Randolph School

Ask Greengate: A Q&A with Orton-Gillingham Tutor Kim Grissom

Ask Greengate: A Q&A with Orton-Gillingham Tutor Kim Grissom

Written by Lauren Richardson '16

Kim Grissom Yearbook Picture

Kim Grissom is one of Greengate School at Randolph’s Orton-Gillingham tutors, helping students develop the necessary reading and language skills to succeed in the classroom and beyond. Here, she answers some common questions about Greengate’s program and dyslexia.

What is your role at Greengate School at Randolph? How would you describe the Orton-Gillingham approach?

I am an Orton-Gillingham (OG) language therapist. I work with students both individually and in small groups for about an hour each day. The Orton-Gillingham approach is a direct, structured, multisensory method of teaching literacy to students with dyslexia or related learning differences. Multisensory teaching employs as many visual, auditory, kinesthetic, and tactile components as possible at the same time. Language elements that non-dyslexic learners acquire easily must be taught directly and systematically to students with dyslexia.

Each lesson is tailored to the individual student’s needs according to where they are in terms of reading, spelling, and writing skills. We have a specialized Greengate Scope and Sequence that we follow, teaching the simple to the complex, and the known to the unknown. We teach to proficiency; we make sure students fully understand each skill and concept. There is so much involved in each lesson that it is difficult to fully explain! I think one needs to see the lesson planning and implementation to fully appreciate the prescriptive and diagnostic components for each student.

What, in your experience, is the impact that Greengate School at Randolph has on students?

Greengate impacts students in many ways, not only academically, but also physically and emotionally. Over the years, I have been teaching at Greengate, I’ve seen students’ self-esteem improve exponentially; they no longer feel “different” or like they are not smart. Students develop a feeling of belonging and become much more social. Anxiety about school is decreased, and students come to enjoy and desire learning and reading. Students also start to realize their own potential and intelligence and become more motivated to pursue higher education. They become happy at school.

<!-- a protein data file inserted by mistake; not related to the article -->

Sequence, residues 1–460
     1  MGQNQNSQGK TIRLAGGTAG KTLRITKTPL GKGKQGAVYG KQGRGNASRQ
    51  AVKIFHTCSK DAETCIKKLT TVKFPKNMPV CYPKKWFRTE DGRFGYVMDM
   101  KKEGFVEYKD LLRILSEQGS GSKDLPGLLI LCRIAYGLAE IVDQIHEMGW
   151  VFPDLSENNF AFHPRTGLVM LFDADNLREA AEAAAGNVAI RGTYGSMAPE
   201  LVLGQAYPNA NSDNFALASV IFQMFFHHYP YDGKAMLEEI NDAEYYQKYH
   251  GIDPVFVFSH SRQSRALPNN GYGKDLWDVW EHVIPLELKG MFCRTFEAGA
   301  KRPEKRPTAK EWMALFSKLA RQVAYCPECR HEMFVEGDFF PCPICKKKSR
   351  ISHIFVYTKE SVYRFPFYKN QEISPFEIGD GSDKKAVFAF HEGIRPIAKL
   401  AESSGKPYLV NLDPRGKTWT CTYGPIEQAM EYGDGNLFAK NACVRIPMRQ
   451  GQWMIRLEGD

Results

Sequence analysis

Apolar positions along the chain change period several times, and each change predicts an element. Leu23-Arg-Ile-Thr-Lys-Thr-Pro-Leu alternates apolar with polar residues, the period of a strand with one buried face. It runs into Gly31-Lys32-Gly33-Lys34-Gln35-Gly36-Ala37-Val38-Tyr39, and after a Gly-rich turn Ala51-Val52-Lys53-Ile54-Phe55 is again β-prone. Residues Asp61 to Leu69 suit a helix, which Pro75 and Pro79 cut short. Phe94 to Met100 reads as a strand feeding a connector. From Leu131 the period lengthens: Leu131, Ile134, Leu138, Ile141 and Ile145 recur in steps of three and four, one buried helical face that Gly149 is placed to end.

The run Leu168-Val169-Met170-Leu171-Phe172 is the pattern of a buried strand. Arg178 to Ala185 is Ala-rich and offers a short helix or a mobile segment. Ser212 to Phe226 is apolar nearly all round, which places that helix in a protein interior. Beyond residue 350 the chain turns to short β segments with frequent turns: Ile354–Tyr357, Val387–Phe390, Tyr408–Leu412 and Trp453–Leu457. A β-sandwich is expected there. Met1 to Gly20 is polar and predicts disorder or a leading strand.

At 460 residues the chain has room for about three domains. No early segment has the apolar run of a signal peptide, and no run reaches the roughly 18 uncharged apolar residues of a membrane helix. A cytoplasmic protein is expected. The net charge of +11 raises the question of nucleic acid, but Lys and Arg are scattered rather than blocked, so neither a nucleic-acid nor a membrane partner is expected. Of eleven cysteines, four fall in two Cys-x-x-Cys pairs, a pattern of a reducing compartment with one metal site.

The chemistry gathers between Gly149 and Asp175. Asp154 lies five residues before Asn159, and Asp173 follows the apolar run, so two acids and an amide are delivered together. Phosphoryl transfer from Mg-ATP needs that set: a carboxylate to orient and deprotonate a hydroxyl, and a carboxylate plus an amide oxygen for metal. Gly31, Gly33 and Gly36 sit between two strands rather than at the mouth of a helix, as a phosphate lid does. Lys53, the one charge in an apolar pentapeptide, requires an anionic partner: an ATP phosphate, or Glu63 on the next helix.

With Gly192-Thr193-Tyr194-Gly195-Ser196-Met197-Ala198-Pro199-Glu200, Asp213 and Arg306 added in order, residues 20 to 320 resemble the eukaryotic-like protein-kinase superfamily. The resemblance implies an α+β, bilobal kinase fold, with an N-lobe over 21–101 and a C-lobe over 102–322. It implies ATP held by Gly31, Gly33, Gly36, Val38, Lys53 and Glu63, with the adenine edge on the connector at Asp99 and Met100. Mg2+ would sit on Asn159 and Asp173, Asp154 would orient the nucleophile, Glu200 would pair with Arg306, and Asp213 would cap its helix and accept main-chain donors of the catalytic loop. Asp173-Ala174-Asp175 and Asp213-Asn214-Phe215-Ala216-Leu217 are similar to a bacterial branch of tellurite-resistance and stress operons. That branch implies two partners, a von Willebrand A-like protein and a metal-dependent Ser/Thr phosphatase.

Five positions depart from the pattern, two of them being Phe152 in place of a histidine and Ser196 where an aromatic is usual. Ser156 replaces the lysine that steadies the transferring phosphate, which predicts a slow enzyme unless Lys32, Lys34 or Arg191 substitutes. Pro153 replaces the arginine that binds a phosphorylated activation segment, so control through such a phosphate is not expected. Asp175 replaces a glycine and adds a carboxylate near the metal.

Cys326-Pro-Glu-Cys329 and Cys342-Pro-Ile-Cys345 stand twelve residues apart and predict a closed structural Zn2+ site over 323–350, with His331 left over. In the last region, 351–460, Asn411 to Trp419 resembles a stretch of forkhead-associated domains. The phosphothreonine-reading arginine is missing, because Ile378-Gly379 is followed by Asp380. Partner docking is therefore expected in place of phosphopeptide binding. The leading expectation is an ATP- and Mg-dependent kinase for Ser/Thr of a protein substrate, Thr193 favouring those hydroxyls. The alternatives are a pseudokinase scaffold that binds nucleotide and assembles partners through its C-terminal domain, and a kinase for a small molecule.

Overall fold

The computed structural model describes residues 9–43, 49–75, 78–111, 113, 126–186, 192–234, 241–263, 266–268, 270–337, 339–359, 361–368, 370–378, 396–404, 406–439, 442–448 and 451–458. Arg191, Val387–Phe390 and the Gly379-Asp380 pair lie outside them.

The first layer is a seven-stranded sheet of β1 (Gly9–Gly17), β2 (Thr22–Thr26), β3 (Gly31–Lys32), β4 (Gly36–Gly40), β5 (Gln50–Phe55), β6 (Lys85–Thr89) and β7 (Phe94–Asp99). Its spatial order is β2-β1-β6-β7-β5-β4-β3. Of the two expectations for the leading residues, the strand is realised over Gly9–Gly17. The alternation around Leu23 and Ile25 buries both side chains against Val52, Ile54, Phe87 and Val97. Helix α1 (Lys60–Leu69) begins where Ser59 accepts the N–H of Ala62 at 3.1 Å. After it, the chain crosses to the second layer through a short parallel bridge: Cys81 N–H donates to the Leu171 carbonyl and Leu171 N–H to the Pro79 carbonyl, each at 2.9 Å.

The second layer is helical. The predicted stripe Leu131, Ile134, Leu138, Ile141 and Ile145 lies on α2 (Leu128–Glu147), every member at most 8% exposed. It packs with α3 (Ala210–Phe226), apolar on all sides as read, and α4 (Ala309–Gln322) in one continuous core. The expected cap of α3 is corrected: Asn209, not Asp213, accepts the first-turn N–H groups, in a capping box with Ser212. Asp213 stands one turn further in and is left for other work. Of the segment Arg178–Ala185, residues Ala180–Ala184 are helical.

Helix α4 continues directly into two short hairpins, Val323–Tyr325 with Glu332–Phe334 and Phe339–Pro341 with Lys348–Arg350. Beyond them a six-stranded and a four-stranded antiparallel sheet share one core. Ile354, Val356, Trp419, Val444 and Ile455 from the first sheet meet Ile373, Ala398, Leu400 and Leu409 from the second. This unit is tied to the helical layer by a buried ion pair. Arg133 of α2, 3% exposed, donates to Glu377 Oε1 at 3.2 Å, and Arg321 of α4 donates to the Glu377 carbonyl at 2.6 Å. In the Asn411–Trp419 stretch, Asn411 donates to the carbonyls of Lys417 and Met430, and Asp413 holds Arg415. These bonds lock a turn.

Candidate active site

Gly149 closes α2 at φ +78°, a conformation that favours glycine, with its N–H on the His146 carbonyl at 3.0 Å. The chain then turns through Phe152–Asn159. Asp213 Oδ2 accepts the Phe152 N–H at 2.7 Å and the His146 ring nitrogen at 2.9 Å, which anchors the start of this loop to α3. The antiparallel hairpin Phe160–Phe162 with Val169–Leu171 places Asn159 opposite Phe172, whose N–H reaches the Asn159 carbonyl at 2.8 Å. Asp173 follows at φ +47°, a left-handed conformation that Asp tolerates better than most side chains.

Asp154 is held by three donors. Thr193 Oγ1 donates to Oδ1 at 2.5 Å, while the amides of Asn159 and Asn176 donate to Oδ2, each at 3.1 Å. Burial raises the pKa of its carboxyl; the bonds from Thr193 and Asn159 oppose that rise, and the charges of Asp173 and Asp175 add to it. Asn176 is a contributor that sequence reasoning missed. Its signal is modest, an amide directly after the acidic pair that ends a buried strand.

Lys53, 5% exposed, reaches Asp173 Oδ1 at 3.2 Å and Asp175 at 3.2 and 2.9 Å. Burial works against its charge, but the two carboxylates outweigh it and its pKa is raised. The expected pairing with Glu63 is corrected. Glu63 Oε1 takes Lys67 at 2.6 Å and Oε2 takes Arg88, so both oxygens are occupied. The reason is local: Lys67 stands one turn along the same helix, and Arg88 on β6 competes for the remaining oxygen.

What is your guidance for parents who have a child with dyslexia or who think their child may have a learning difference?

Call Greengate School at Randolph. We have information about dyslexia and knowledge of the signs for dyslexia for children of different ages. We also provide dyslexia testing that is open to the public.

If a child is diagnosed with dyslexia, they should receive tutoring from a qualified, experienced Orton-Gillingham language therapist who teaches according to the OG approach and principles. It is critical that intervention begins as early as possible. This can prevent later academic struggles and other secondary effects of dyslexia.

Greengate School at Randolph is the area’s only nationally accredited school for children with dyslexia. Greengate Services, including testing, tutoring, and teacher training, are open and available to the public. Contact us or schedule a tour to learn more.

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